Last week, Gallup, which has been measuring the audiences’ confidence in newspapers since 1973 and television news since 1993, presented the results of its latest poll on the confidence in US news media, showing that only 11% have a great deal/quite a lot of confidence in TV news, while 16% have the same degree of confidence in newspapers.
“The lack of trust in media goes along with the decline in trust in other institutions, including government. People have been told for years that they can’t trust institutions, and now, thanks to media deregulation (which paved the way for partisan channels and websites), numerous sources can regularly tell their audience that only OUR channel can be trusted but everyone else’s is just filled with lies,” said Donna Halper, a professor of communication and media studies at Lesley University, Sputnik reported.
She compared the current situation with the periods of polarization during the Vietnam War and the Watergate scandal when despite profound political disagreements people still were receiving information from the same sources. This, however, was changed by the arrival of cable TV and the end of the so-called Fairness Doctrines, which required balanced reporting on contentious issues with different points of view presented.
“The news was still the news, and there were still honest and hardworking news reporters. But now, there were opinion shows, filled with commentators who could distort the facts to suit the partisan audience. As a result, millions of folks were exposed to only one side of the story. Partisan media flourished, leading to Fox News on cable, and then, a few fledgling efforts on the left to put in some talk shows that expressed their side,” Halper stated.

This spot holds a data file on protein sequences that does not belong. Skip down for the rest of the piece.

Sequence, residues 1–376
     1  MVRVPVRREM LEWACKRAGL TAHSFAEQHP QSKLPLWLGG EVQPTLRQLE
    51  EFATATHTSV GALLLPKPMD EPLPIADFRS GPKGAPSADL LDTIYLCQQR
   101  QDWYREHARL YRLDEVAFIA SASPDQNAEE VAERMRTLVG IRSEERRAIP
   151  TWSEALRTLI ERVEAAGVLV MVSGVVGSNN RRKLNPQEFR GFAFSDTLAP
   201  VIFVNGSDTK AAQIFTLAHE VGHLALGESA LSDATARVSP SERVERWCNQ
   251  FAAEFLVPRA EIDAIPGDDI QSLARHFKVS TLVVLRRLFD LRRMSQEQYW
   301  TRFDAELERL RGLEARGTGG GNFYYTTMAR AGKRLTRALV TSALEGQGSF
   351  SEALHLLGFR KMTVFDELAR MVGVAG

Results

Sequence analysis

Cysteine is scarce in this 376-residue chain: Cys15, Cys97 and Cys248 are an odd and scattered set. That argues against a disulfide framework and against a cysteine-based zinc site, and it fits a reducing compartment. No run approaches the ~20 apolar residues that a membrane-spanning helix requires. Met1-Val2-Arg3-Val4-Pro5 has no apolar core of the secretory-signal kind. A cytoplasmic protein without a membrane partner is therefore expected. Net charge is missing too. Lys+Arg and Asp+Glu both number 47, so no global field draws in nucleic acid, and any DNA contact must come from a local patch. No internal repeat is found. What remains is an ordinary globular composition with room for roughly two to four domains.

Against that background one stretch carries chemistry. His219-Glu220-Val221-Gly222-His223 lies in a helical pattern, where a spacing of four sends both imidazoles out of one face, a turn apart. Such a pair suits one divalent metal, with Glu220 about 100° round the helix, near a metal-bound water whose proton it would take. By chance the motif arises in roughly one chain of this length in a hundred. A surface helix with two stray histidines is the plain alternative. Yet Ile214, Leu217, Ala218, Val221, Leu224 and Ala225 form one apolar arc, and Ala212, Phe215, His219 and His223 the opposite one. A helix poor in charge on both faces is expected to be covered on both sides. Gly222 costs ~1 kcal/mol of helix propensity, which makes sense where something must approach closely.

His sentiment was echoed by Kirby Goidel, a political science professor at Texas A&M University, who noted that Fox News used the claim that traditional media outlets are biased against conservatives as a marketing strategy to build an audience. According to the expert, despite the network’s insistence on being fair and balanced, it was “a conservative counter-balance to what was perceived as liberal media.”
“Polarization adds to this as – primarily conservative candidates and causes – have claimed leading media organizations are biased against them. This is typically a political strategy aimed at minimizing the effects of bad news but – heard often enough – it has consequences for media trust,” Goidel explained, adding that while such rhetoric can be found on the other end of the political spectrum as well but has been much common on the right than on the left.
He concluded by noting that when survey respondents are asked whether they trust the news sources they consume they are usually more trusting. In light of that, to obtain more meaningful data people should be asked about confidence in particular news outlets and then determine whether a news outlet is distrusted by those who do not belong to its audience.